This series, brought to you by Yahoo! Finance, looks at which upgrades and downgrades make sense, and which ones investors should act on. Today, in the doldrums between earnings seasons, we'll be looking at a series of "target tweaks," as analysts raise their price targets on transports DryShips (NASDAQ:DRYS) and Union Pacific (NYSE:UNP), but lower them on eBay (NASDAQ:EBAY). In fact, let's start with that one...
eBay stock: Sell it now?
The week opened bright for eBay shareholders, when The Benchmark Company doubled down on its endorsement of eBay Monday. Noting that the stock is now trading near its 52-week low, Benchmark said the shares sell for "a discount to our e-commerce peer group" despite showing "mid-teens top-line growth" and the potential for more of the same in 2015 -- and insisted eBay is still a buy.
Today, one analyst is begging to differ.
This morning, analysts at Topeka Capital Markets announced a 10% cut to their price target on eBay shares, which they now value at just $54. Although this new target sits 10% above where the shares trade today, Topeka still isn't recommending that investors buy into the online auctioneer. And Topeka is right to be cautious. While a year-long slump in share price has eBay shares looking more attractive than they've been previously, the stock still looks only fairly valued at best.
Indeed, many investors might argue the shares are over-valued, given that eBay is currently showing negative profit over the past year, and as a result has no meaningful P/E ratio to value it by. Valuing the stock on free cash flow is, however, still possible.
S&P Capital IQ data show that eBay generated just under $4.1 billion over the past year, resulting in a price-to-free cash flow ratio of 15.2 on the stock. That's a bit high for a company expected to grow earnings at less than 13% annually over the next five years. It's not frightfully expensive. But when you get right down to it, Topeka is still right, and Benchmark is still wrong: Even near its 52-week low, the stock still costs just a bit too much to call it a buy.
Could DryShips float higher?
Turning now to the stocks that Wall Street's more optimistic about, dry bulk shipper DryShips got a big vote of confidence this morning when analysts at Imperial Capital boosted their price target on the stock... by 45%! Quoted on StreetInsider.com Tuesday, Imperial's analysts argue that "an improvement in valuation at consolidated Ocean Rig UDW and prospectively improving dry bulk and tanker day rates" justify their hike in price target. They may even be right -- but I wouldn't bet on it.
Here's why. After all, neither DryShips nor its subsidiary are generating positive free cash flow these days. Ocean Rig says it's profitable under GAAP accounting standards, but the company's cash loss for the past 12 months came to $1.36 billion. Capital IQ clocks DryShips itself at $1.49 billion in negative free cash flow -- and negative net profits to boot.
Meanwhile, taken together or separately, the firms remain deeply in hock. Ocean Rig's debt load, net of cash on hand, is given as $3.8 billion. DryShips' debt is at $5.4 billion. With no cash coming in to service the debt, insolvency remains a very real risk for both firms. And even if that doesn't happen, chances look good that DryShips will be forced to sell additional shares to keep itself afloat -- diluting existing shareholders.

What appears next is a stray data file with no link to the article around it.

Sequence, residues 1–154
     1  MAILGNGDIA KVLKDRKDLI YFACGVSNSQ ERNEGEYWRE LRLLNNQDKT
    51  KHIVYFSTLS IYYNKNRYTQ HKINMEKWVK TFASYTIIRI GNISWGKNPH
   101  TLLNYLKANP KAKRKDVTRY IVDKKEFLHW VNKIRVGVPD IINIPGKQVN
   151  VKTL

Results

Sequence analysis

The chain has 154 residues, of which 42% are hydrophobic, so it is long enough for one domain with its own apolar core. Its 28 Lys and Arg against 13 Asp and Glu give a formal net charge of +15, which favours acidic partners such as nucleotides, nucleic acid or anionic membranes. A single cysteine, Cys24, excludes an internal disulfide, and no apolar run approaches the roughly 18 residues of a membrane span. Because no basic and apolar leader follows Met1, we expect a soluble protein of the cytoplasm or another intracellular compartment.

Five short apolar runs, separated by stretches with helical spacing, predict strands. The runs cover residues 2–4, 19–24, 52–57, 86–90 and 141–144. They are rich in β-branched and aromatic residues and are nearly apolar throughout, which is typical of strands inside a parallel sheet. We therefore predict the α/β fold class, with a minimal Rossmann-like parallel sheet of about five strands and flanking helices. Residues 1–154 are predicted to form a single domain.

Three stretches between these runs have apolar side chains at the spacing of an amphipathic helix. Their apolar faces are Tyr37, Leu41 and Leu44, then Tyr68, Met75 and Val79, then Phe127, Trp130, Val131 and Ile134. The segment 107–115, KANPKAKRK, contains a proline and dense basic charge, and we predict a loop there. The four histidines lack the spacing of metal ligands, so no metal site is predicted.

As buy arguments go, this one simply doesn't hold water.
Better bets on dry land?
Final ratings tweak now, and this one goes to Union Pacific -- which FBR Capital upped to a fair valuation of $120 per share today, or about $9 and change above where the shares trade today. FBR still isn't recommending buying the stock, however. So why not?
In today's overheated market, you won't be shocked to learn that Union Pacific shares cost quite a lot, and probably more than they're worth.
UNP shares sell for north of 20 times earnings today. On a 1.8% dividend-paying stock with a projected growth rate of nearly 15%, that seems expensive. The stock looks even more expensive when valued on free cash flow, which at $3.45 billion at last report, was falling about $1 billion short of the number Union Pacific reports for net income earned over the past year.
In the stock's defense, I should point out that railroads are a capital intensive business, and most of Union Pacific's rivals suffer from similar cash-profit deficiencies. Indeed, when measured rail by rail against rivals such as CSX, Norfolk Southern, or (especially) Kansas City Southern, Union Pacific actually looks pretty good in comparison -- and sports a lower P/E ratio than the average. On a relative basis, I'm willing to go so far as to say the stock looks like a better value than its rivals.
But that doesn't change the fact that on an absolute valuation basis, the stock's still no bargain.
Rich Smith has no position in any stocks mentioned, and doesn't always agree with his fellow Fools. Case(s) in point: The Motley Fool recommends eBay. The Motley Fool owns shares of CSX and eBay.